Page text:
- The Force of Bradley Artson's "Process Theology" and Its Limitations
When the famous French philosopher and author Ernest Renan was asked if, in his opinion, God existed, his disconcerting response was, "Not yet."1 His insight, formulated as tersely as a mathematic formula, could hardly be simpler; yet moderns, contemplating Renan's remark, will also be hard pressed to find, I believe, a more relevant and forceful answer in all the history of theology. I hope to explain in this essay why and in what sense this response both converges with and diverges from the concept of Process Theology as set forth by Brad Artson in his essay, "Ba-derekh: On the Way—A Presentation of Process Theology." In choosing to address both issues, I hope also to express myself fully on the critical points in Artson's argument on which I humbly wish to take a position.
The Reasons We Have to Believe
I should begin by being perfectly clear that, far from finding the notion of Process Theology "shocking, perhaps even irreligious," as Artson suggests people unfamiliar with the concept likely will, I myself share the conviction that God and the world are engaged "in continuous, dynamic change, of related interaction and becoming." Moreover, I'm convinced that Artson has put his finger on a crucial concept that deserves to be at the very center of the theological approach of the Conservative/Masorti movement (if not dogmatically, [End Page 67] then surely highly suggestively): the notion that the world, the Torah, Israel, and even God are entities whose very nature involves constant inner development, mirrored by their permanent and ongoing states of becoming.
Before I move on to say why and precisely to what extent I share Artson's vision, however, I wish briefly to pause to ask what value there can be in bothering to agree or disagree with metaphysical principles in the first place. (The ability to answer this question, incidentally, should be a methodological prerequisite for all theological debate.) Or, in other words, I wonder what kind of arguments can reasonably be brought to bear on a topic as inherently speculative as theology. Are there reliable, verifiable criteria one can adduce in determining one speculative system to be more relevant than another? Surely any self-respecting contemporary philosopher will insist that the time for professing that one can definitively prove or disprove the existence of such ultimately transcendent realities as God, the immortal soul, or the world to come is long past. But must faith henceforth be reduced either to a Tertullianesque "leap into the absurd" or to a Kirkegaardian "paradox," or else to the kind of "purely voluntarist decision" of which Yeshayahu Leibowitz so often spoke and wrote?2 Indeed, the very fact that for the large majority of theologians the theological process itself requires some sort of reconciliation between reason and religion shows almost categorically that questions of faith cannot be considered in purely subjective terms. In fact, there exists a huge gray zone between the domain of opinion and conjecture, on the one hand, and the domain of knowledge and certainty (founded, as surely certainty must be, on "objective scientific criteria"), on the other. And this is precisely where we find the great laboratory in which religious convictions and articles of faith are successfully or unsuccessfully produced and tested.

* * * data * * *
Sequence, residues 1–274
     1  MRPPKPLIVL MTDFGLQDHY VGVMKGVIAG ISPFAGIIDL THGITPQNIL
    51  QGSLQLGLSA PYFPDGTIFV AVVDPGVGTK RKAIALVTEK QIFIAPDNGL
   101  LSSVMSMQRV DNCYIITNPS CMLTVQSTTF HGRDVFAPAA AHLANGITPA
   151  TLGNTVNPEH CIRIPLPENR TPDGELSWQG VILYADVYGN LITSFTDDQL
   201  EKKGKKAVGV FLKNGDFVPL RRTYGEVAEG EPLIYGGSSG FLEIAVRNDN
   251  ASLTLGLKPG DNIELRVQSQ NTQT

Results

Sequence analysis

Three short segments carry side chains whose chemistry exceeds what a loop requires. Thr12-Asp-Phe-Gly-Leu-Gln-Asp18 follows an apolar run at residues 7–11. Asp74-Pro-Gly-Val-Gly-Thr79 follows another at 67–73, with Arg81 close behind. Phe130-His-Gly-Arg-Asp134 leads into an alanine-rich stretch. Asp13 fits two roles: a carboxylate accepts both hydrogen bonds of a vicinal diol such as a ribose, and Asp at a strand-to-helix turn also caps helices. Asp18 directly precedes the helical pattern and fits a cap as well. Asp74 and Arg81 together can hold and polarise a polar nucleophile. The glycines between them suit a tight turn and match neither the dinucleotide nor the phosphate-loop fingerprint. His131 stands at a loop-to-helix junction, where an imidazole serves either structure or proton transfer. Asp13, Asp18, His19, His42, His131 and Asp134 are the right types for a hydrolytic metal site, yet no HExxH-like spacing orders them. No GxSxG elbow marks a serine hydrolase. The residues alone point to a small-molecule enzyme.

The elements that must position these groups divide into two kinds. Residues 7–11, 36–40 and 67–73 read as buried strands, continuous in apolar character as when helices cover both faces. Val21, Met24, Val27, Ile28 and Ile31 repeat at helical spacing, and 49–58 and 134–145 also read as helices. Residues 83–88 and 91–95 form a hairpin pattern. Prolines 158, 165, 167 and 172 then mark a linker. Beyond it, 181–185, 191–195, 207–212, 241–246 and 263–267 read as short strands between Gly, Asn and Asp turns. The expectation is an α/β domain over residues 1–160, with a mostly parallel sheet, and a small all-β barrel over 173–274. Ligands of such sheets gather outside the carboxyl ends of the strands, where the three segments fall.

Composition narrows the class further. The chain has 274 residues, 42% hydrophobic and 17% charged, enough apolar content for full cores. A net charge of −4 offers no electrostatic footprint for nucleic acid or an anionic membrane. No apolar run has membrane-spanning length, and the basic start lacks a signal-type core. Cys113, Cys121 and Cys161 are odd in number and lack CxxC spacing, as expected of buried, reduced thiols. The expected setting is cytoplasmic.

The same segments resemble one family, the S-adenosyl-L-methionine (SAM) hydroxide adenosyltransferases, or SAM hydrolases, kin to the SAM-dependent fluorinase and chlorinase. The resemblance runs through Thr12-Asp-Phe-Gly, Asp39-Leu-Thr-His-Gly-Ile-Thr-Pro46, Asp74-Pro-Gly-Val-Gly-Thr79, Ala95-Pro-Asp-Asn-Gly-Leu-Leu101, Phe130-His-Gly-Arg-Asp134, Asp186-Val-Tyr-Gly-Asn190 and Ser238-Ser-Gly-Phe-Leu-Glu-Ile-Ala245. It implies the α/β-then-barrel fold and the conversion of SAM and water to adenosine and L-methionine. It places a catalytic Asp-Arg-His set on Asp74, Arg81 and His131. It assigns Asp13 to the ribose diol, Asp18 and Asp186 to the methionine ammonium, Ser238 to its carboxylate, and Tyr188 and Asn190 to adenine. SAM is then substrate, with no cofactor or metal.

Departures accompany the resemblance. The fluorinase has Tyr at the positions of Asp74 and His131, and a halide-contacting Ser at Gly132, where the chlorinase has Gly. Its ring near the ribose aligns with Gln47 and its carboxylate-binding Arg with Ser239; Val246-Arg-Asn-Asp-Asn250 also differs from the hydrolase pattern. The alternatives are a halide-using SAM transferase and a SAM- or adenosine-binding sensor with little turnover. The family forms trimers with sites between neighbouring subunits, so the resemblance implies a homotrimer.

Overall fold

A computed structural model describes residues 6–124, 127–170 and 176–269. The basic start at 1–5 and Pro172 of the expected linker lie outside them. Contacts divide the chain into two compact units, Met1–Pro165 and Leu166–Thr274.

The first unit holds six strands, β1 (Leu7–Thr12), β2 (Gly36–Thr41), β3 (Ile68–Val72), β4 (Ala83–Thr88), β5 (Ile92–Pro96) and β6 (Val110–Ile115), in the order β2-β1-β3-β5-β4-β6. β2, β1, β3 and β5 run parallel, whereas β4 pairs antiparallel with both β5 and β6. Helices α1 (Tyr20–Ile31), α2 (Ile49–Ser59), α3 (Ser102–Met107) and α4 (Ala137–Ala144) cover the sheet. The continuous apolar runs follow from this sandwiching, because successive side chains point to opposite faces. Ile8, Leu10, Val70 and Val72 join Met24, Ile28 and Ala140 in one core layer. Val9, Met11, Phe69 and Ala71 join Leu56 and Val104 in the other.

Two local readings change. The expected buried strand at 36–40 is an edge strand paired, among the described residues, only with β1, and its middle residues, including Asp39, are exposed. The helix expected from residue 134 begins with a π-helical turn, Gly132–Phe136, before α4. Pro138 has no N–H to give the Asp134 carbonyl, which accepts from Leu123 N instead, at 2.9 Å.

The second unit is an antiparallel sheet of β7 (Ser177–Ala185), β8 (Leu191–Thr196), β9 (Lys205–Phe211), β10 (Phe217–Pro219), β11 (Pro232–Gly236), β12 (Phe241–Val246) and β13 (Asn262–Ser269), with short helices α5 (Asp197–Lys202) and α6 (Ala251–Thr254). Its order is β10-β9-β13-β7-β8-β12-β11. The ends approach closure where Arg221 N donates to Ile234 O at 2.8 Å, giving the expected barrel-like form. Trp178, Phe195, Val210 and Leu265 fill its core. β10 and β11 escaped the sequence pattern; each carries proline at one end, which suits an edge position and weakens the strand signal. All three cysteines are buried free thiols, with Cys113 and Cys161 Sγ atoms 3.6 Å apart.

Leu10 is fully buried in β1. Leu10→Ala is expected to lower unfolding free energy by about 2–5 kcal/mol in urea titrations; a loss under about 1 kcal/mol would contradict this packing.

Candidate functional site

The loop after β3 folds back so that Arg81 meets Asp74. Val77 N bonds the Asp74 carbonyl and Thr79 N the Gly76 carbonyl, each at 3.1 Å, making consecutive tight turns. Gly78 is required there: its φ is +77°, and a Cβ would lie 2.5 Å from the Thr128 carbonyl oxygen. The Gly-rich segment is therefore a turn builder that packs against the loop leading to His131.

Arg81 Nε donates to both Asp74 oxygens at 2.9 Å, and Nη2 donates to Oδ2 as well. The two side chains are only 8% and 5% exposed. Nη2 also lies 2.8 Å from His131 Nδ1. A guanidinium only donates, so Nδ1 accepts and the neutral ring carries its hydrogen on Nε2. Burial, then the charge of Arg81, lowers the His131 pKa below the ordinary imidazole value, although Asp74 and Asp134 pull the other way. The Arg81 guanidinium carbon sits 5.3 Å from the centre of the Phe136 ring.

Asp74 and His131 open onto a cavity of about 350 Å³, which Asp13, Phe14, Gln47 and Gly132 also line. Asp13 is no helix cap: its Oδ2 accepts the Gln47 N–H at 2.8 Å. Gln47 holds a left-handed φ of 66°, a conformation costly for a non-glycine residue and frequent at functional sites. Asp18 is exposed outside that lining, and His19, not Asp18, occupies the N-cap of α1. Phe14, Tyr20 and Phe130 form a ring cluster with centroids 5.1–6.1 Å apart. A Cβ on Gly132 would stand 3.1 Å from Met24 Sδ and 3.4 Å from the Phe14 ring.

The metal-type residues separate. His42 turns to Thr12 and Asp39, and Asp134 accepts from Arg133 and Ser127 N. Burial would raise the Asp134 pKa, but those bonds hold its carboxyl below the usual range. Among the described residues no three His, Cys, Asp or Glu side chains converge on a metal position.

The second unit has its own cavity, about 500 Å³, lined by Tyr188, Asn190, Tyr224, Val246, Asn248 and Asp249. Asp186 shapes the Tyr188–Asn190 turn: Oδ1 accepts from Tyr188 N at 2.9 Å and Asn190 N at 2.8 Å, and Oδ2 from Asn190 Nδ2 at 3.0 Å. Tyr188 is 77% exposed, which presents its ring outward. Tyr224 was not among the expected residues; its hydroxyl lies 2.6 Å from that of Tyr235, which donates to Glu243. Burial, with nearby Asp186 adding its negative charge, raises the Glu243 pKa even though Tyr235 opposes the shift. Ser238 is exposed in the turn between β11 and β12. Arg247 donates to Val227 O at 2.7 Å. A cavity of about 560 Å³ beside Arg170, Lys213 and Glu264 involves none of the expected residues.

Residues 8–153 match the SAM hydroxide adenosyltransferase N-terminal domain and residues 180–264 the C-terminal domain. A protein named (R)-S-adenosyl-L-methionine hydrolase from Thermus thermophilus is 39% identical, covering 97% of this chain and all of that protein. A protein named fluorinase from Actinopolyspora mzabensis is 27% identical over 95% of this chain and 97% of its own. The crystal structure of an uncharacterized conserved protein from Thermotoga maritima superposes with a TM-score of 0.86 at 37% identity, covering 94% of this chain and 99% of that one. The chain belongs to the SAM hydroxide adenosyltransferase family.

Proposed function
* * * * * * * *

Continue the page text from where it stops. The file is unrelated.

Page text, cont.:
According to Kant, this median is where ideas live that, subjectively speaking, "feel" sufficiently reasonable to be accepted, but which nevertheless can still not be objectively confirmed. Is faith then indefensible, thus devoid of any rational justification? Not entirely! Absent deductive or empirical proof, there still remains the possibility of perception of (and communication regarding) notions like the existence of God or the immortality of the soul that we know from scriptural and rabbinic sources through our intuitive feeling and our inductive reasoning, by moving back from effect to cause. The whole enterprise will always have a certain tentative feel to it. [End Page 68] Yet, in the end, induction is a legitimate logical method if one's jumping-off point is sufficiently plausible.3 How then can it be that people of integrity...